1 Answer 1


Please feel welcome to contribute still.

Before moving onto 2., let's discuss 1.

Let us have $N$ fermionic modes. We represent $\xi_i \, \hat{=} \, c_i$ with $i=1...N$, $c_i$ is a matrix given by the Jordan-Wigner mapping (see question), and $\xi^{*}_i \, \hat{=} \, c_i$ with $i=N+1...2N$. As pointed out by Chiral Anomaly, the representation is not faithful in that the representation of $\xi^{*}_i$ is not the hermitian conjugate of the representation of $\xi_i$. I believe it is at least briefly mentioned in various sources that $\xi^{*}_i$ need to be handled as modes independent of $\xi_i$, which is consistent with this. One can formally define rules for complex conjugation which maps $c_i$, $i\leq N$ to $c_j$, $j = N+i$. I don't know if a rule like this creates mayhem though. This also strangely means that you need $2^{2N} \times 2^{2 N}$ matrices, instead of $2^{N} \times 2^{N}$, as with real-valued Grassmann variables, and with quantum fermions! I don't think I understand the reason for this, but I just want to underline that I am not claiming that this is a useful way to perform the integrals for large-scale systems.

2. Creutz's sketched idea (see question) seems to work. Let the function of Grassmann variables be of the form $f(\boldsymbol{\xi},\boldsymbol{\xi^{*}}) = e^{-\sum_i \xi^{*}_i \xi_i} g(\boldsymbol{\xi},\boldsymbol{\xi^{*}})$, $\boldsymbol{\xi} = (\xi_1,...,\xi_N)$, where $e^{-\sum_i \xi^{*}_i \xi_i}$ is the normalization factor related to Bargmann coherent states (which you can consider to be part of the measure), and $g$ is a general function of Grassmann variables.

Using the above conventions, I believe the integral can be represented with \begin{align} I &= \int \prod_i \mathrm{d} \xi^{*}_i \xi_i \, e^{- \sum_j \xi^{*}_j \xi_j} g(\boldsymbol{\xi},\boldsymbol{\xi^{*}}) \\ \ &\hat{=}\ \langle 0 | (-1)^{N(N-1)/2} e^{- \sum_j c_{N+j} c_j} g(c_1,...,c_{2N}) \big( c^{\dagger}_{2N} ... c^{\dagger}_1 | 0 \rangle \big), \label{eq:main_result} \end{align} Note that $e^{- \sum_j c_{N+j} c_j} = \prod_j e^{- c_{N+j} c_j} = \prod_j (1 - c_{N+j} c_j)$, which looks like a projector. Everything on the rhs can now be plugged onto a computer.

We should probably try to motivate the result. Let us motivate the phase factor $(-1)^{N(N-1)/2}$, which changes when the number of even modes changes, since it was glanced over by Creutz. To this end, let's look at the constant function $g=1$, and evaluate $I_{1} = \langle 0|\prod_{k=1}^{N}(1 - c_{N+k} c_k) c^{\dagger}_{2N} ... c^{\dagger}_{1} |0\rangle$. We know that the non-zero contributions come from terms where the lhs operators annihilate each mode exactly once. Thus, we can simplify $$ \langle 0 | ... (1 - c_{N+k} c_k) c^{\dagger}_{2N} ... c^{\dagger}_{1} |0\rangle \to -\langle 0 | ... (c_{N+k} c_k) c^{\dagger}_{2N} ... c^{\dagger}_{1} |0\rangle, $$ since the term proportional to $1$ in $1-c_{N+k} c_k$ will vanish, because nowhere in the corresponding amplitude are modes $N+k$ and $k$ annihilated, leaving a mismatch compared with the occupied ket. For $k=N$, we swap $c_k$ over $N$ lowering operators, and employ $c_k c^{\dagger}_k = -c^{\dagger}_k c_k + 1$. Only the latter term survives, as can be seen by swapping the $c_k$ all the way to right to annihilate the vacuum. We then perform the same tricks for $c_{N+k} = c_{2N}$, which is already on the lhs of $c^{\dagger}_{2N}$. Thus far we have $$ I_{1} = \langle 0| (-1)(-1)^{N} \prod_{k=1}^{N-1}(1 - c_{N+k} c_k) c^{\dagger}_{2N-1} ... c^{\dagger}_{N+1} c^{\dagger}_{N-1} ... c^{\dagger}_{1} |0\rangle. $$ Notice that for $k=N-1$, $c_k$ only has to be swapped $N-1$ times. Plowing through the whole product, in total we gain the phase factor $(-1)^{2N}(-1)^{\sum_{l=0}^{N-1} (N - l)} = (-1)^{N^2 - N(N+1)/2} = (-1)^{N(N-1)/2}$. This is not a proof for integrating over an arbitrary function, but I believe the result remains unchanged. You can first reduce the contributions from the function, which gives you some phase $(-1)^{a(i,N)}$, where $a(i,N)$ is a function. You then reduce the Bargmann norm terms $k=N,...,N-(i-1)$, and $k=i-1...1$ as before, which gives you phases that cancel the $i$-dependent part in $(-1)^{a(i,N)}$ and leave just $(-1)^{2N}(-1)^{N(N-1)/2}$ as before. To be fair, I don't have a general proof, just tested some cases to see how it works.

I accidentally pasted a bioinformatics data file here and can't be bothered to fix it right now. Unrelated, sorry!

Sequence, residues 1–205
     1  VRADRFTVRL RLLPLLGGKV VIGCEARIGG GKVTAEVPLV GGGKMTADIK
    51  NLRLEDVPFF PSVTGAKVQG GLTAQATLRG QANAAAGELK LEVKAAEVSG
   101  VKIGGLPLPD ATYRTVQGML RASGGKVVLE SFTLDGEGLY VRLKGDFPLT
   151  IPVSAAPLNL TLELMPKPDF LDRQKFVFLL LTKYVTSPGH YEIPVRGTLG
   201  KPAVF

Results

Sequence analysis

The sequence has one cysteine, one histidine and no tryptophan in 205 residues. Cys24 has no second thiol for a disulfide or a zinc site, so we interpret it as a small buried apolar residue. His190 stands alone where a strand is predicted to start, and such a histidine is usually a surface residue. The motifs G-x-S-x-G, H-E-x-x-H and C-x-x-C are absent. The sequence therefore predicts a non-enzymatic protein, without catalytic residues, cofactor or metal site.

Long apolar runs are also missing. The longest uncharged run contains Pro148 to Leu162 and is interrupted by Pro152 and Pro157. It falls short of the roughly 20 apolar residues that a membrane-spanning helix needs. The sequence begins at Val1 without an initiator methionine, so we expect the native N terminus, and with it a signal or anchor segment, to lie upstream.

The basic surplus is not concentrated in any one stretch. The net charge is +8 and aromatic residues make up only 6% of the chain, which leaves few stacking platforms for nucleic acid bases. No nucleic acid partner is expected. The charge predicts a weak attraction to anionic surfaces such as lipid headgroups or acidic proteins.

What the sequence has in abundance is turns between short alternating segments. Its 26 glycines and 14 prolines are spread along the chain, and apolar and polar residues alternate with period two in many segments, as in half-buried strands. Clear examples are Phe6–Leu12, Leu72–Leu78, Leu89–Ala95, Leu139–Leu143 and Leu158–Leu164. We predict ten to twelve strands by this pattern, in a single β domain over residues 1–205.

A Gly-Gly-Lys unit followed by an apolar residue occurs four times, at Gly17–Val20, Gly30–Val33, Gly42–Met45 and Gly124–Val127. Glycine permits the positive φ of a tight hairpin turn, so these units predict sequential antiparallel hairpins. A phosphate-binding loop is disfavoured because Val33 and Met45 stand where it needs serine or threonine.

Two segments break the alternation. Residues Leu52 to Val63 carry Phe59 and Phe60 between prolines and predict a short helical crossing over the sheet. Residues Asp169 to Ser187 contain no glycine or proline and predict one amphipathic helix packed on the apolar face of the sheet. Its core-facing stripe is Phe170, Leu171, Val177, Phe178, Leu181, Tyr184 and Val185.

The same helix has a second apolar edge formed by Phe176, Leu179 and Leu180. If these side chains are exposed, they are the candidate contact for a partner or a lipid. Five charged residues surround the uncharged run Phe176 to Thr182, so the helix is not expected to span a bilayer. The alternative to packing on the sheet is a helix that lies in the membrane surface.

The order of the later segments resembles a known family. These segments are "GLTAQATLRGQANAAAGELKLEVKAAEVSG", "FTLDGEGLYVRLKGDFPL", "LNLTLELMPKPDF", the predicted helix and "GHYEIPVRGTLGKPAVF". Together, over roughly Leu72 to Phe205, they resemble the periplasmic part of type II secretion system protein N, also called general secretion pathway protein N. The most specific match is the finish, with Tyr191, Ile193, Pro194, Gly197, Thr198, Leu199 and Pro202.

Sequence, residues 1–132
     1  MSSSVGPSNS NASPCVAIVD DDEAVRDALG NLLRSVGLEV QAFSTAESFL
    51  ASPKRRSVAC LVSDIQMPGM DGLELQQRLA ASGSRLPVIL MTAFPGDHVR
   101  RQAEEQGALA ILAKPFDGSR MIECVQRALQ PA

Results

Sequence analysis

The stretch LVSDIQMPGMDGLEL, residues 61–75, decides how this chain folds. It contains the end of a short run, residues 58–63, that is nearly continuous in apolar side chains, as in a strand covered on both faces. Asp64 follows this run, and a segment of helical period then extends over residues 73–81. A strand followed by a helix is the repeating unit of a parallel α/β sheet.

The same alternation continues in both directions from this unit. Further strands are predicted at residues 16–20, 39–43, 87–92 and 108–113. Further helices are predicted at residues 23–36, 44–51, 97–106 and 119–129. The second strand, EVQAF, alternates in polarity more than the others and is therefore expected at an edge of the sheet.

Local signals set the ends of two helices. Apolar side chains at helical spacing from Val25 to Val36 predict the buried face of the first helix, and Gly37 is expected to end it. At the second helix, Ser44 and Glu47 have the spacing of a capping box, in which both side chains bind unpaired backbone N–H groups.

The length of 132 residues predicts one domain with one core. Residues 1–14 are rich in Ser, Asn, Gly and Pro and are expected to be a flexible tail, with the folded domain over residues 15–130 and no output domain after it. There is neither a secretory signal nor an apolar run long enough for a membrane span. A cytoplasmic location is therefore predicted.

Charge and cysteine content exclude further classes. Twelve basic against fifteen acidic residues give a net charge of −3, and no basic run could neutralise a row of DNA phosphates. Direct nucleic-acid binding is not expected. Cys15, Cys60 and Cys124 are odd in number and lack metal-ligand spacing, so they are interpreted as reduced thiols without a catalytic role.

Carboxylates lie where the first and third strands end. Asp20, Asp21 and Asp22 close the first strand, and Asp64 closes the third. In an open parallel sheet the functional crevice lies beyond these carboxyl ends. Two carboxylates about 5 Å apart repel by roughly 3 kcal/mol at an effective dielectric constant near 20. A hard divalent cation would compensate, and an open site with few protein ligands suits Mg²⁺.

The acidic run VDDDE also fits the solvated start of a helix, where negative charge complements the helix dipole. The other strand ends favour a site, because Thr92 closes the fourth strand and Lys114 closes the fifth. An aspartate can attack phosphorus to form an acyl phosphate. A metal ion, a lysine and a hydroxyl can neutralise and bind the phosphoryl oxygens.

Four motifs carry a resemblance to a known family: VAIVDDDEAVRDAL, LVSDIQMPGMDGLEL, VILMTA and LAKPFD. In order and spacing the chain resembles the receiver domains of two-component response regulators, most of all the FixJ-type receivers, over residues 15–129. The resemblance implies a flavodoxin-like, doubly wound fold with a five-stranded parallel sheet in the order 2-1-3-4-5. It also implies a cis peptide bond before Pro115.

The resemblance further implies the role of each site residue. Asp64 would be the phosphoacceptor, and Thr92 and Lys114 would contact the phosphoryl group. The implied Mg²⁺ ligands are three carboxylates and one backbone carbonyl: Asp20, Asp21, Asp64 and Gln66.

Note that I have numerically tested the above expression for $I$ from $N = 1...8$, up to $5$th order terms, and got the same results as with pencil and paper.